91-year-old Danish man tied to bed during home burglary

A 91-year-old Danish man was tied to his bed while two burglars stole a television along with cash from his home near Copenhagen.

91-year-old Danish man tied to bed during home burglary
Photo: Iris/Scanpix

The two men stayed in the 91-year-old’s home for some time after restraining him, before they then stole his possessions, reports news agency Ritzau.

The home burglary in the town of Hvidovre near Copenhagen took place in the early hours of Sunday, according to police, who have now called for help from the public in connection with the case.

“If anyone has seen suspicious-looking men making observations in the area of Rødvig Allé [street, ed.] on Saturday evening or in the early hours of Sunday, we would very much like to hear from them,” investigation leader Ole Nielsen of West Copenhagen Police said in a press statement.

The men remained in the 91-year-old’s villa for approximately two hours while they tried to locate a safe, Nielsen said.

The victim’s arm was tied to his bed frame, which prevented him from alerting police immediately after the incident, according to the report.

The men are reported to be of normal build and spoke Danish with foreign accents. One wore a dark-coloured hoodie and the other a dark jacket.

They are thought to have left the area by car.

A previous home robbery took place in the same area last week, when a 77-year-old woman’s home was broken into on the nearby Hædersdalvej street on the night of the October 15th.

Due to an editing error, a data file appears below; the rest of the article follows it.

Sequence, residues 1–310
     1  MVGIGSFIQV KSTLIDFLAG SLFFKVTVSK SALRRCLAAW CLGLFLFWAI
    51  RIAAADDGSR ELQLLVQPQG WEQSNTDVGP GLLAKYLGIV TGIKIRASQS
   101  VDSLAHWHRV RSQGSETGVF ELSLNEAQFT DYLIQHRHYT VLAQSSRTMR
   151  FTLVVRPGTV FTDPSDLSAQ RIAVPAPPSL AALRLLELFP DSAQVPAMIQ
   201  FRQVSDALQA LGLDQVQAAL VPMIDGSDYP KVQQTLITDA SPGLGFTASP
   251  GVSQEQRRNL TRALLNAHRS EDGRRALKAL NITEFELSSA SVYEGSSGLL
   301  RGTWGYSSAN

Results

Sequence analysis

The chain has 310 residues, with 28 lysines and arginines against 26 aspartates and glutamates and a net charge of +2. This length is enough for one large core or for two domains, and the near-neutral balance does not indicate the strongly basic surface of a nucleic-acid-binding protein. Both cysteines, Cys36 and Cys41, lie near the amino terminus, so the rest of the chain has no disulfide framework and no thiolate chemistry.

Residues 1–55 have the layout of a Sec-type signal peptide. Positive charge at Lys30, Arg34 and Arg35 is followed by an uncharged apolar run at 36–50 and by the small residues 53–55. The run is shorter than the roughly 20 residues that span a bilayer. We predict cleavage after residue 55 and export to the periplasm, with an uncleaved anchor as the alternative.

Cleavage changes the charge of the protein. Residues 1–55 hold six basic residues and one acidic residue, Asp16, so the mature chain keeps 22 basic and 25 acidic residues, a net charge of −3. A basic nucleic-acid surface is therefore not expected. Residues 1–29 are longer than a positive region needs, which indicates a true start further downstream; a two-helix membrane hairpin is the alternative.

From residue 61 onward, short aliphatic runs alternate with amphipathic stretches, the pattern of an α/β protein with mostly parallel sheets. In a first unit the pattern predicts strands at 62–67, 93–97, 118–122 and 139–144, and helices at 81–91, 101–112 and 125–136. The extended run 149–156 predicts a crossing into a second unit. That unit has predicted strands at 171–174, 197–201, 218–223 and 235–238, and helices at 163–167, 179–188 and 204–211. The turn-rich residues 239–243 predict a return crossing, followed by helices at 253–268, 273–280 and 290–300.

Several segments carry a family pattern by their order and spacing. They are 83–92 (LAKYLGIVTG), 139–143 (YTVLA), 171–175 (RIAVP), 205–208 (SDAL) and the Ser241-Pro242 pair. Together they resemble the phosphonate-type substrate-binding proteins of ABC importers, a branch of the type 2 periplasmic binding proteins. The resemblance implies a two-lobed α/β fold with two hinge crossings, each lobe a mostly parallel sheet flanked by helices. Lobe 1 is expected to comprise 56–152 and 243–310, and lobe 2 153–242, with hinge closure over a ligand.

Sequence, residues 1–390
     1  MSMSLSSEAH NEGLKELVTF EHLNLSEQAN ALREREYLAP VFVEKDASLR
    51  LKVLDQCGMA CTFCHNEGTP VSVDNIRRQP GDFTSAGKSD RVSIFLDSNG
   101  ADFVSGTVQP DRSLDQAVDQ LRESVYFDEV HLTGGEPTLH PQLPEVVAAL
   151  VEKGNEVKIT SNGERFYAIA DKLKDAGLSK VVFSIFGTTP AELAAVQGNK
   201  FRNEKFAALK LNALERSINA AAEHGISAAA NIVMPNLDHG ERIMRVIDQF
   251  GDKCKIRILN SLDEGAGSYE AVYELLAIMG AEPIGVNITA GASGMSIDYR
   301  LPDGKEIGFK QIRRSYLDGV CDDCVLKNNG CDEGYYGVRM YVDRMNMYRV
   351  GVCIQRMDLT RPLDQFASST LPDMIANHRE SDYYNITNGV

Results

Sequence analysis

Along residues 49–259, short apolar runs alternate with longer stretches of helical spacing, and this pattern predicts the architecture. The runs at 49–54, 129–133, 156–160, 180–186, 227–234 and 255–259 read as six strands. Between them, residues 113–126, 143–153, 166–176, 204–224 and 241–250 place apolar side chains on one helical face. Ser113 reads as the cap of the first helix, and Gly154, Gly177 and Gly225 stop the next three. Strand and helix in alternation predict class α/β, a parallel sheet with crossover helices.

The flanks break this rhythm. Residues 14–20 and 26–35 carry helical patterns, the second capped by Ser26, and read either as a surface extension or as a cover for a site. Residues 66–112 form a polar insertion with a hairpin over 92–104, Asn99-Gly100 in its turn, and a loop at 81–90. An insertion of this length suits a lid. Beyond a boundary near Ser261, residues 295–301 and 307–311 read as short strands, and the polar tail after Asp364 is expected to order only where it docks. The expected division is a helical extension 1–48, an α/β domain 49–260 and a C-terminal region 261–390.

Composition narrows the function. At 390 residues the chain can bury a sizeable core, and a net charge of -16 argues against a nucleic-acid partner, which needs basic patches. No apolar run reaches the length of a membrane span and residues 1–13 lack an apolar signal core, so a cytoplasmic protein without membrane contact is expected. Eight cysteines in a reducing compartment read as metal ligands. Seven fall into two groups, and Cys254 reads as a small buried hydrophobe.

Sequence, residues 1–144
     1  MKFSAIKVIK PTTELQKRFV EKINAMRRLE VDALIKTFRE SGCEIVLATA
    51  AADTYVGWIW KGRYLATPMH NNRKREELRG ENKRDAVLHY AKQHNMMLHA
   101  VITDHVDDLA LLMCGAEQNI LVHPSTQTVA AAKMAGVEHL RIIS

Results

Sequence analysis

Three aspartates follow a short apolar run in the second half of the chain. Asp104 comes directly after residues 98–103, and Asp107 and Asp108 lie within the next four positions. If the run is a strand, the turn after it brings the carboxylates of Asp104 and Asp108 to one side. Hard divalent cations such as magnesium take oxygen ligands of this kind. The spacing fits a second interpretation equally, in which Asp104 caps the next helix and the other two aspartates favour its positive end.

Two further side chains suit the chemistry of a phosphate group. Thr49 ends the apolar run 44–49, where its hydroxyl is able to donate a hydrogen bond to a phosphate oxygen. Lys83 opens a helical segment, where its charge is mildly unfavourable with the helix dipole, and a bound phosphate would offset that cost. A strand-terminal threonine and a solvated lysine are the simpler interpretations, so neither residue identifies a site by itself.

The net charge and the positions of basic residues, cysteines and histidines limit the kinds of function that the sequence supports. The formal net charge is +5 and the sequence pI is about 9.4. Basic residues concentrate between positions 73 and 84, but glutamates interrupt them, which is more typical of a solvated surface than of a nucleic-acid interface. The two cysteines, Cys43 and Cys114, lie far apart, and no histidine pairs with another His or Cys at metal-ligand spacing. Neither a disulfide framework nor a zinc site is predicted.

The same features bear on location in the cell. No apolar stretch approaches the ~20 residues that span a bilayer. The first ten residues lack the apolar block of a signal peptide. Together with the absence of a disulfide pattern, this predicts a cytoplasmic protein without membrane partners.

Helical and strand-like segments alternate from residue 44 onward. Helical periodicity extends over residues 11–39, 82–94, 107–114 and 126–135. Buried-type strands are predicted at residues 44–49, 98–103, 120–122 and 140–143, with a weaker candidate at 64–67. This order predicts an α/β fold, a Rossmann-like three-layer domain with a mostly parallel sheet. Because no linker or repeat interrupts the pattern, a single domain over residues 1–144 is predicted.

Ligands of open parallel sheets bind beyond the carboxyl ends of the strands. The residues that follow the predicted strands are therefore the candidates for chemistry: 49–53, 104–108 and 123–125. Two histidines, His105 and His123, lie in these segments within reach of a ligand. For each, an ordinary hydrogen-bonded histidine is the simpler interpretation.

Stealing from private homes is treated as a more serious crime than other types of theft in Denmark, and carries a minimum sentence of five years in prison.

READ ALSO: Home break-ins hit 20-year low in Denmark


Danish 7-Eleven stores back on grid after ransomware attack

Almost all of 7-Eleven’s 176 Denmark locations are back up and running with the help of a backup system, the company said on Thursday. 

Danish 7-Eleven stores back on grid after ransomware attack

In an email to news wire Ritzau, 7-eleven said that over 96 percent of its convenience stores across Denmark were now in “stable operation”. That corresponds to around 169 stores.

“We have technicians at the remaining stores who are working hard to get them up and running as soon as possible,” the company said in the email.

However, convenience stores at train stations (where you can buy a transport card) were only accepting Dankort (debit card) payments as of Wednesday evening.

All operational stores outside of train stations currently accept Mobile Pay (app) and cash payments, and many can take Visa, Mastercard, and Dankort. 

“We expect that all stores outside of train stations can accept all Visa, Mastercard, and Dankort during the course of tomorrow morning, and all stores at train stations [will be able to] during the course of the week,” the company wrote late on Wednesday.

The convenience store chain was on Monday hit by a cyber attack that forced all of its 176 stores in Denmark to close.

7-Eleven has confirmed that the outage was due to a ransomware attack — hackers demanded money to return access to the company’s data and systems. 

The attack has been reported to police.

The company’s CEO, Jesper Østergaard, told Ritzau he did not know the extent of losses suffered by 7-Eleven as a result of the incident.